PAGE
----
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5 Things Modern Parents Don’t Need (But We’re Suckered Into Buying Anyway)

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When I heard about Your Baby, Your Way, written by my colleague Jennifer Margulis, I immediately thought of all those aunties who, when confronted with the idea of buying a bassinet for a new baby, balked and pshawed about an empty dresser drawer working just fine for their babies. When it comes to minimalist parenting and leaving consumerism in the dust, we could learn a thing or two from them!

Back in the days before advertising and corporate conglomerates parents did just fine with a limited amount of baby-centric paraphernalia – or none at all. 

Though I am well beyond my baby years, I sat down and read this book cover to cover.

What an insight into consumerism and corporate manipulation of our spending habits. Jennifer is doing some myth busting right here on Attainable Sustainable. Read on for Jennifer’s take on things new parents and their babies don’t need, along with a greener option.

Here she is: 

stuffed rabbit behind a stack of baby clothes

Consumerism baits parents

As anyone who works in corporate sales already knows, people are more open to changing brands, trying new things, and spending more money when they are at a “life change point”: going off to college, getting married, buying a first home, having a baby.

“You suddenly have new needs that you’ve never had before, and in those moments you’re more likely to change your behavior,” Leslie Becknell Marx, who spent two years working in sales at Proctor and Gamble and is now a Unitarian minister, explained to me when I interviewed her for a chapter of my book.

Companies, not surprisingly, capitalize on this human receptiveness to change, feeding consumerism. They market their products to pregnant women and new moms as aggressively as they can.


The problem with this tried and true capitalist method is that parents often get duped into believing they need things—lots of things—for themselves and their kids.

As I told a reporter for U.S. News this week, when you have a new baby, the things that you need the most are not things that money can buy.

Parents need support with housework, help with meals, a sympathetic shoulder to cry on (those postpartum hormones can get you), and time to do nothing more than sit on the couch and gaze lovingly in a newborn’s myopic eyes.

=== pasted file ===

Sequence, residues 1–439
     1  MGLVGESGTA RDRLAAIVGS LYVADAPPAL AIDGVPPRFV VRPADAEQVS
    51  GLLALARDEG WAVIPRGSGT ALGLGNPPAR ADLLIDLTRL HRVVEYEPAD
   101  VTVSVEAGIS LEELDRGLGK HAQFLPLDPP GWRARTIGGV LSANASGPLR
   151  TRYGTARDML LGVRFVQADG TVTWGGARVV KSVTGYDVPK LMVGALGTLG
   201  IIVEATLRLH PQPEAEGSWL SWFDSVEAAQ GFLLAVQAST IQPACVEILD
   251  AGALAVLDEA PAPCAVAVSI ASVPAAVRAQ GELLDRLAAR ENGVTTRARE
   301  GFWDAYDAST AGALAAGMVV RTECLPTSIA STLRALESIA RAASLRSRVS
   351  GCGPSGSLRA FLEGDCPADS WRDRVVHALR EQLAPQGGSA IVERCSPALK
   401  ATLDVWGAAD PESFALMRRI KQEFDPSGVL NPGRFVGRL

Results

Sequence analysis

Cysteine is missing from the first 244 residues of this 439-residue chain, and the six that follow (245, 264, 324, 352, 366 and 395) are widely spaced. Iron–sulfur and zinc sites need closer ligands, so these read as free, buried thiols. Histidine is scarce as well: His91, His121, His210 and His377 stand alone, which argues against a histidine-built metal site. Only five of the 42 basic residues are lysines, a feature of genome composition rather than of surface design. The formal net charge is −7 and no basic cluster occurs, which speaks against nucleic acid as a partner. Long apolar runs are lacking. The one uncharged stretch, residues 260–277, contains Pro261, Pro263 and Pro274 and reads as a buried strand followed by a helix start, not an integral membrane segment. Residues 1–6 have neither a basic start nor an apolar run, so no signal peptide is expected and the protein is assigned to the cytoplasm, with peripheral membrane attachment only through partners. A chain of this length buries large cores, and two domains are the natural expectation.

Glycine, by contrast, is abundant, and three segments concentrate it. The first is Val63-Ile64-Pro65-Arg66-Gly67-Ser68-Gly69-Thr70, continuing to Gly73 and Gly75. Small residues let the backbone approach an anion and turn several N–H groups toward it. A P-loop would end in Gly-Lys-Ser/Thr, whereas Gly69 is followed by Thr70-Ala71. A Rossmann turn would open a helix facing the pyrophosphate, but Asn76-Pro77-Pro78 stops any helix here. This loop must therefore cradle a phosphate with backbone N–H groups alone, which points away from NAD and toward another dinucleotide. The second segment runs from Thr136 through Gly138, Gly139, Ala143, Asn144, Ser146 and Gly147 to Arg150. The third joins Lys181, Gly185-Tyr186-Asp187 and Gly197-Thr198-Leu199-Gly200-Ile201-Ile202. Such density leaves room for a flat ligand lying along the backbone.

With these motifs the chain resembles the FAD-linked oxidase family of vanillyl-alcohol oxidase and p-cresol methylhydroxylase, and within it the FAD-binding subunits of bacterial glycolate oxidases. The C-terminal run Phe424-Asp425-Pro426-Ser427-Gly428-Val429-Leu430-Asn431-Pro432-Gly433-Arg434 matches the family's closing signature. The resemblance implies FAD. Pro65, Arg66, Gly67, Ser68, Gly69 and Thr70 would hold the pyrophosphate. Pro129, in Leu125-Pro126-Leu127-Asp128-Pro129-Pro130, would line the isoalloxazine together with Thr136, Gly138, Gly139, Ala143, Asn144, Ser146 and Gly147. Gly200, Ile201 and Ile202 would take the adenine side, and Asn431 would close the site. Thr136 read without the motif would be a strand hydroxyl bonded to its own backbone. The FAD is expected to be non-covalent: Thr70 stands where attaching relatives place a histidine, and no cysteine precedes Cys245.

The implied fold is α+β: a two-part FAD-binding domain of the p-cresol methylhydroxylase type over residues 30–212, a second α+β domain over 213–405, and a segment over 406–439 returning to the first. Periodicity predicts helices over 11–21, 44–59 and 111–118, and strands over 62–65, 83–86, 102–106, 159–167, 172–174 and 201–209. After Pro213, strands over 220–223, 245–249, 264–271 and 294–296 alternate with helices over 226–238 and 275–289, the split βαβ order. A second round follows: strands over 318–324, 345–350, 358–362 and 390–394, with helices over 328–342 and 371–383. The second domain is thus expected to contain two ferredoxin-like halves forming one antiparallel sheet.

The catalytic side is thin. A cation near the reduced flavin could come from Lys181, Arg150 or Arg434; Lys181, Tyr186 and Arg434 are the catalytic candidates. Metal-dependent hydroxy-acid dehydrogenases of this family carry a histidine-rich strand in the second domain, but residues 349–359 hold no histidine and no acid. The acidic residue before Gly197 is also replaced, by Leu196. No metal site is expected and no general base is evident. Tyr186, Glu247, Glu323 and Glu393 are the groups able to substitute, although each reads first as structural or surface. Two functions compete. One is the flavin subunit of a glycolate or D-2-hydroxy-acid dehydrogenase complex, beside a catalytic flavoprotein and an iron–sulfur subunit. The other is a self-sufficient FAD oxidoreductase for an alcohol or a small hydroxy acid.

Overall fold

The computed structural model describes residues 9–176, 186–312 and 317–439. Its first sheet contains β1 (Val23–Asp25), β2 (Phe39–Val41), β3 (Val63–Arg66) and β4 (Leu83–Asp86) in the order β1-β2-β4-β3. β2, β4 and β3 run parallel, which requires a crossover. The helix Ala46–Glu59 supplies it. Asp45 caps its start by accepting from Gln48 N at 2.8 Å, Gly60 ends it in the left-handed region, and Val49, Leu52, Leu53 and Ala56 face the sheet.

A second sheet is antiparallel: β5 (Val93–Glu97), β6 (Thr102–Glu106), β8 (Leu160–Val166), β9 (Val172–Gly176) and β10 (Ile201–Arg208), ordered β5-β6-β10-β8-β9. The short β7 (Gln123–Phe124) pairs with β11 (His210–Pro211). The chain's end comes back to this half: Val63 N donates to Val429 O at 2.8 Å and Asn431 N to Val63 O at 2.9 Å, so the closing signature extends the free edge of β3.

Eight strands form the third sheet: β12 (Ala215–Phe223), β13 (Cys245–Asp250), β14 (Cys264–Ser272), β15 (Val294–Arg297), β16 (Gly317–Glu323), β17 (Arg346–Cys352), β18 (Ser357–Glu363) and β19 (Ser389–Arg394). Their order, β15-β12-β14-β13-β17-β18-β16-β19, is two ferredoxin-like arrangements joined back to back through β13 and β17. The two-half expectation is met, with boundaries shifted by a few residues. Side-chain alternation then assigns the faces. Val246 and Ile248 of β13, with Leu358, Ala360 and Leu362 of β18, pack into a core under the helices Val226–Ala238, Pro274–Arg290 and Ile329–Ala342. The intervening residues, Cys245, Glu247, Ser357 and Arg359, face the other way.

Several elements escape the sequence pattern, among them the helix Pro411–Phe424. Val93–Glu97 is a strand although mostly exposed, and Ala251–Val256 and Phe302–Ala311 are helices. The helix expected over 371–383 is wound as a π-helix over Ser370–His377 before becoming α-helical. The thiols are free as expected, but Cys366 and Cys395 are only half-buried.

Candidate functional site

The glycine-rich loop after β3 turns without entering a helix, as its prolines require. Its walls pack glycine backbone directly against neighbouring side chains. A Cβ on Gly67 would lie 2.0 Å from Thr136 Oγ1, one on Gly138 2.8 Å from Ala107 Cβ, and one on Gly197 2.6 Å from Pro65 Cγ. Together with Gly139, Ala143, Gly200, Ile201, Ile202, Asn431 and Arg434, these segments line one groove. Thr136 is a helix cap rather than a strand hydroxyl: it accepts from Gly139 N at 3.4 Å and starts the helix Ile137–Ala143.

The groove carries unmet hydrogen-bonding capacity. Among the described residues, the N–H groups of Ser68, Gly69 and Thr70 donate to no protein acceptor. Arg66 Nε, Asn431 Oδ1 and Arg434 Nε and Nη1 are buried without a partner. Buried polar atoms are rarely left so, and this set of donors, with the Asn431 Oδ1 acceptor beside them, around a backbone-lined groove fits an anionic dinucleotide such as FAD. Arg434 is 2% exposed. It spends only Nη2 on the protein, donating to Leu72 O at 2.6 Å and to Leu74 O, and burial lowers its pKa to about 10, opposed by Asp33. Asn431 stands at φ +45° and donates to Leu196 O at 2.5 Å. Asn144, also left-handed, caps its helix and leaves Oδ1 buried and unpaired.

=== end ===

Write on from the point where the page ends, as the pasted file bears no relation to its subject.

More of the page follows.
Here are five things that parents — and children especially — don’t need. Plus some alternatives that are cheaper and don’t feed corporate consumerism.

1. Parents Don’t Need Paper Towels

If you’re a long time reader of Attainable Sustainable you know this already and you stopped using them eons ago.

That slim mom in the Bounty commercial looks great but there is no reason to buy paper towels of any kind at any time in your life. If you’re in the habit, go cold turkey. That’s what we did when our oldest was an infant and we were desperate to save money.

My mother-in-law is at a loss at our house (she can use an entire roll while cleaning up the kitchen) but we never looked back.

stacked kitchen towels in pastel tones

Minimalist Parenting Alternative to Paper Towels

Buy dishtowels at a secondhand store for less than $1.00 a piece. Get more than you think you need so you don’t ever run out. They work for everything, including draining bacon after frying. Throw them in the washer on cold. Extra credit and extra savings if you make your own laundry detergent.

2. Kids Don’t Need Toys

With our first baby our house looked like a department store, it was filled with so many toys and games. A perfect example of consumerism gone wild.

But babies don’t need plastic toys made in China. It’s a well-kept secret that most toys for kids of any age are a waste of money and end up gathering dust in the corner.

Despite outrageous claims by manufacturers, educational toys will not and cannot make your baby brainier. (Breastfeeding and human interaction, especially when you and your baby take turns talking, are what best promote brain development.)

6 people jumping in silhouette

Minimalist Parenting Alternative to Toys

Let your teething baby gum measuring spoons, let your toddler play with a potato (the heft and weight is particularly interesting to this age group), make goop for your preschooler out of cornstarch and water, shoo older kids outdoors and nature becomes their playroom.